The “war on terror” has led to the continual reinforcement of repressive state agencies such as the Canadian Security Intelligence Service (CSIS). Rife with Islamophobia itself, it has harassed Muslim or Arab communities, including Palestinian activists. A reinforced CSIS has now found additional targets, fanning the flames of Sinophobia.
Uniting for a Better World
In February 2023, R&B star Jully Black sang Canada’s national anthem at the NBA All-Star game. In her rendition she changed one word – instead of “O Canada! Our home and native land!” she sang “O Canada! Our home on native land.” Her version, recognizing Canada as Indigenous territory, went viral. It resulted in a racist backlash and accusations of disloyalty but also an outpouring of support. Jully Black’s action points how communities can come together through the recognition of Indigenous sovereignty.
Meeting the real threats to Canada and the world, the existential crises of environmental destruction, global pandemics, and the threat of global war demands innovative approaches to reimagining a collective future. Indigenous peoples offer important alternatives at this crucial time.
Fifty years ago, the Indigenous leader George Manuel began to outline a radical new relationship between humans and the earth based on his experiences in the Indigenous world: “This is not the land that can be speculated, bought, sold, mortgaged, claimed by one state, surrendered or counter-claimed by another.” It was the “land from which our culture springs […] like the water and the air, one and indivisible. The land is our Mother Earth. The animals who grow on that land are our spiritual brothers.”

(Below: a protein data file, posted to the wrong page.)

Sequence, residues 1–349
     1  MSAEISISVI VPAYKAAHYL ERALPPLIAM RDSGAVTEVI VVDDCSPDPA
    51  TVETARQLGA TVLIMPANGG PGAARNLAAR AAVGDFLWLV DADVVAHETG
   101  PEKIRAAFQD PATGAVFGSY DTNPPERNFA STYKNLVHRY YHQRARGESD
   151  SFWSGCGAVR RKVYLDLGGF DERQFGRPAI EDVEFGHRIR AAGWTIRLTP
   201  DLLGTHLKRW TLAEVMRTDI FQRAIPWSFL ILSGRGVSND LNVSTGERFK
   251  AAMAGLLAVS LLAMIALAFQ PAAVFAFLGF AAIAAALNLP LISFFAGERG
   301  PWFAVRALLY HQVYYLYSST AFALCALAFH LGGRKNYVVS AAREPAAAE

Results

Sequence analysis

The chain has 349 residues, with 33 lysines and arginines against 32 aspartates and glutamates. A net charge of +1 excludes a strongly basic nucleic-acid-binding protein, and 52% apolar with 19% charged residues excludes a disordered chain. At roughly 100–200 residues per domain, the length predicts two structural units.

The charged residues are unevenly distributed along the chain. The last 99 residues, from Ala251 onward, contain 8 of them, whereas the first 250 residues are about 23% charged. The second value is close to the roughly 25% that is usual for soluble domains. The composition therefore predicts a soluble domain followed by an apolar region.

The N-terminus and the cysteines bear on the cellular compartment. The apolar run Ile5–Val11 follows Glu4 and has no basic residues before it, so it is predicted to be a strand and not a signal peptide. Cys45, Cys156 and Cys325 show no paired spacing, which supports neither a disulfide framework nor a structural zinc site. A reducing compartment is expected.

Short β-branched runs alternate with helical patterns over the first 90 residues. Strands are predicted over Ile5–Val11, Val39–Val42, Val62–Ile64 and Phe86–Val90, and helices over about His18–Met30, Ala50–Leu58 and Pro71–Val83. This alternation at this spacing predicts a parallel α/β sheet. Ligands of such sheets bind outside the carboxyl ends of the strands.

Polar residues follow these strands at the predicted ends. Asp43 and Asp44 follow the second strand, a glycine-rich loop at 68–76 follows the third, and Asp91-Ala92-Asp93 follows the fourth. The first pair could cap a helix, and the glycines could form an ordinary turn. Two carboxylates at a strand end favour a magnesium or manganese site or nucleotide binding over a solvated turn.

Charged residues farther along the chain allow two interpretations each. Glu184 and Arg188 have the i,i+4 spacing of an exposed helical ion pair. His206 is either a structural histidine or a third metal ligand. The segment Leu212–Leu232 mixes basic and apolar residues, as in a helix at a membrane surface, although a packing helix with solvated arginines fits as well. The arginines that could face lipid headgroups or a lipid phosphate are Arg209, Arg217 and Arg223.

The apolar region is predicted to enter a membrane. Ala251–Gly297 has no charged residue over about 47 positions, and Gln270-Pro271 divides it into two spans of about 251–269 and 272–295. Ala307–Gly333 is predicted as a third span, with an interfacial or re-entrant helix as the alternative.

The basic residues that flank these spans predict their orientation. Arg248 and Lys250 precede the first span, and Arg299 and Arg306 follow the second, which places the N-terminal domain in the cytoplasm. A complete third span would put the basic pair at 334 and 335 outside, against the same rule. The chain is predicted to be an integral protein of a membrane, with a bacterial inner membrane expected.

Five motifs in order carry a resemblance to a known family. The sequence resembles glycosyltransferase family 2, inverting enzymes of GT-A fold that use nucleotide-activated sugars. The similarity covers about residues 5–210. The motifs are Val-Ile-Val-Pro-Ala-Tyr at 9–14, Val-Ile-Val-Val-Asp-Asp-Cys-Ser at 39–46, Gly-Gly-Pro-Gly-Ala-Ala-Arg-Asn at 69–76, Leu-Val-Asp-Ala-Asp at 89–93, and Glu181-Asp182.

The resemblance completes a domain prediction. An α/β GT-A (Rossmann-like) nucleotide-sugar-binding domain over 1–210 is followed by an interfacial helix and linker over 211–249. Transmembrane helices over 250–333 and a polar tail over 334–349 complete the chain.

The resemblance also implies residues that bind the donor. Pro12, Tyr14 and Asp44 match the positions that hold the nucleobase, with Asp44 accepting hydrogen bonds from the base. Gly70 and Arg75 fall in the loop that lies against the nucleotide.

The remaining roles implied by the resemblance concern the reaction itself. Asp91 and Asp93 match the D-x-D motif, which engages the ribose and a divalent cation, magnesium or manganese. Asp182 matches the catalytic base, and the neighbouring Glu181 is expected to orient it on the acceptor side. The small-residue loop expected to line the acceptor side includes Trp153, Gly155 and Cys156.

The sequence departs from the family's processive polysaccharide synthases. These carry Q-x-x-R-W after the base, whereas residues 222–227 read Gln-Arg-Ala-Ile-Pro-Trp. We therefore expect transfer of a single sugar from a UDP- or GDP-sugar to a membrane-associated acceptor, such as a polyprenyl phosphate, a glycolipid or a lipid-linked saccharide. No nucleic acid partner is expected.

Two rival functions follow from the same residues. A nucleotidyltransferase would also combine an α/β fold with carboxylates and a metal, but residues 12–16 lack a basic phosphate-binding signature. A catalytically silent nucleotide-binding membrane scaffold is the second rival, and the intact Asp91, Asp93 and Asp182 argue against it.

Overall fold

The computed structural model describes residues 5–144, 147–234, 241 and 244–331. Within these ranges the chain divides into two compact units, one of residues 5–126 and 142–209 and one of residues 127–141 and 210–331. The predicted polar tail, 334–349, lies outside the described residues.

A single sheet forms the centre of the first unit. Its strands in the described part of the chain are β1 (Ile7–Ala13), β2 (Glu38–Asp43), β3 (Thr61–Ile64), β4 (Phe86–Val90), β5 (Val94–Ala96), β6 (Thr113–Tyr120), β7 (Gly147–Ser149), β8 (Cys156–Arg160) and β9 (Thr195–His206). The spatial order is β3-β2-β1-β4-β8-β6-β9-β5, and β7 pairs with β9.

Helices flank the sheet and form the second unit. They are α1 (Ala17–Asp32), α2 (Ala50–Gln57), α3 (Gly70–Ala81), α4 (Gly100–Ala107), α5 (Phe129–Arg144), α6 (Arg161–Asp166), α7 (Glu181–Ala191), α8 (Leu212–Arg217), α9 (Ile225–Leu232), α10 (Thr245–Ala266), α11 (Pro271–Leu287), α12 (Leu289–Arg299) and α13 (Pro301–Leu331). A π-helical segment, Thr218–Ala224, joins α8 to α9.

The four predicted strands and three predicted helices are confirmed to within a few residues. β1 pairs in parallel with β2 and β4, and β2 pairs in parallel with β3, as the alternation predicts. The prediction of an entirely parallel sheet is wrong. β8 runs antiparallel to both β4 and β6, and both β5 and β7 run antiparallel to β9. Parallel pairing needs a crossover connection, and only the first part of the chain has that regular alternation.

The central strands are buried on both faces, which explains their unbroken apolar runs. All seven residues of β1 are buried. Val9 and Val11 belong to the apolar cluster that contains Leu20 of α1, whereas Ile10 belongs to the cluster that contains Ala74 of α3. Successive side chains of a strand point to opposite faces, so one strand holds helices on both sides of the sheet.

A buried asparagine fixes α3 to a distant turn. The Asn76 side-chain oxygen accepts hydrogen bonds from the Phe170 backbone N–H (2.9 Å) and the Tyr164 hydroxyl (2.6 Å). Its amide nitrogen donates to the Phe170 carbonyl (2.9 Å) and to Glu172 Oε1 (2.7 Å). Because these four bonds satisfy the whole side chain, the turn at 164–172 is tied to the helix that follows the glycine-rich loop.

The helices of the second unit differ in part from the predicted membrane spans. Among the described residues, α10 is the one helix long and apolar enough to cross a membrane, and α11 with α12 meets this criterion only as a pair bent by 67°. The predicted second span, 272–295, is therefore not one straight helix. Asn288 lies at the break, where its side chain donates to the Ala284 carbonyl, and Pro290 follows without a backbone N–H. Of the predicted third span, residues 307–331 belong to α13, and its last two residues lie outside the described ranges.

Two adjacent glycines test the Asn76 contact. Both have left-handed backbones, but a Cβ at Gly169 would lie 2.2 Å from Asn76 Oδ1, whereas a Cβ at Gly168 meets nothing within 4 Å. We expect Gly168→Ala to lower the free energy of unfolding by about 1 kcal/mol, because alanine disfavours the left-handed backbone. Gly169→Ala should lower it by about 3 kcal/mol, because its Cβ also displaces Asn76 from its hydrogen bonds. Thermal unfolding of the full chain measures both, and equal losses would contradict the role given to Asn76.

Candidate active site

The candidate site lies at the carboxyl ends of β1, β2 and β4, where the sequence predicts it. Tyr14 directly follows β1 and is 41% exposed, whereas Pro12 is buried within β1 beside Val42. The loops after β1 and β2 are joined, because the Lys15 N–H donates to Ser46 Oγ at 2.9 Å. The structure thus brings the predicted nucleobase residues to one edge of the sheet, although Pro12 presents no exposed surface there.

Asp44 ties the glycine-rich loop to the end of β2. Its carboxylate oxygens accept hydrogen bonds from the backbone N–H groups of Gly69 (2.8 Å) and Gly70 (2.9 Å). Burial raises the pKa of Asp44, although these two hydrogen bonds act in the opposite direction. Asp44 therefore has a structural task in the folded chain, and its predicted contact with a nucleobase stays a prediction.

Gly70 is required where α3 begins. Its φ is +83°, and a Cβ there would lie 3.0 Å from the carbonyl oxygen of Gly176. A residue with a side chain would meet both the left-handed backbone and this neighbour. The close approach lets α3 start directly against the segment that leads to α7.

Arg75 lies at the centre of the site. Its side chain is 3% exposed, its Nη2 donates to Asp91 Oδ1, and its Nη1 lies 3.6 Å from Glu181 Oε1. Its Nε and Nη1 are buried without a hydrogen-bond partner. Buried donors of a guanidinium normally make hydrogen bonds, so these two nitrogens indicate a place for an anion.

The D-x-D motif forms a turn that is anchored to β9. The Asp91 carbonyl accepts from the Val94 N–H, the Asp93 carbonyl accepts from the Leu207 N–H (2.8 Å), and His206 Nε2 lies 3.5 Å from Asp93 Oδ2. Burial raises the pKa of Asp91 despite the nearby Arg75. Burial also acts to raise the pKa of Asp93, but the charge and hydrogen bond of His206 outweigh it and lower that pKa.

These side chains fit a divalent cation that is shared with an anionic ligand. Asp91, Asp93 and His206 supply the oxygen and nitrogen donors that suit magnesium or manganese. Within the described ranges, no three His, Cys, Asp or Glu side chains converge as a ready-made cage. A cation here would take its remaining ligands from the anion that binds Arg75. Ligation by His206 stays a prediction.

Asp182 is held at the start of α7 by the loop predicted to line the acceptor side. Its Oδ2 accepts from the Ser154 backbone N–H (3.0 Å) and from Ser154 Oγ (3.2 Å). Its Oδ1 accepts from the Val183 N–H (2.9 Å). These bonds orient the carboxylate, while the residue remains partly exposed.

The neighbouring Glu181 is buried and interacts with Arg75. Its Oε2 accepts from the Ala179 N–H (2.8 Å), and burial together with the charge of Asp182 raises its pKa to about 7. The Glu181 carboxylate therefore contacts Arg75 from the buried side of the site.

The inability of the state to recognize Indigenous sovereignty and reorganize society based on that recognition is perpetuating the dispossession and oppression of Indigenous peoples. This takes many forms. In the context of current climate disasters, however, environmental racism is especially acute.
As the forests burn and flood waters ascend, Indigenous peoples and rural communities are once again hit the hardest. This reflects the continuous downloading of the negative effects of industrialization onto Indigenous and racialized communities. The fact that Canada’s economy is rooted in lands stolen from Indigenous peoples makes environmental racism particularly virulent.
Rather than find remedies, however, the liberal state feeds racial capitalism’s addiction to fossil fuels and resource extraction. It provides subsidies to pipelines or provides RCMP services to attack land defenders or those protecting old-growth forests. Today, smoke engulfs cities everywhere, a reminder that, in the end, environmental racism imperils us all.
Summing up his perspective on the past, he concluded: “The struggle of the past four centuries has been between these two ideas of land.” Many Indigenous communities embrace this philosophy and others are also building unique alliances in the same direction.
Today, activists such as Ingrid Waldron (McMaster University) have worked to bring Indigenous and Black communities together to confront environmental racism and racial capitalism as depicted in her book and movie There’s Something in the Water: Environmental Racism in Indigenous and Black Communities. Rinaldo Walcott, author of Black Like Who? also promotes the need for radical change. In his recent On Property, he connects the movement for prison abolition to private property, and advocates for a return to communal relations inspired by Indigenous notions connecting the land and its living beings.
These are the messages that can inspire social movements to come together and create the unity necessary to stave off a conservative backlash and re- imagine a better world, locally and globally.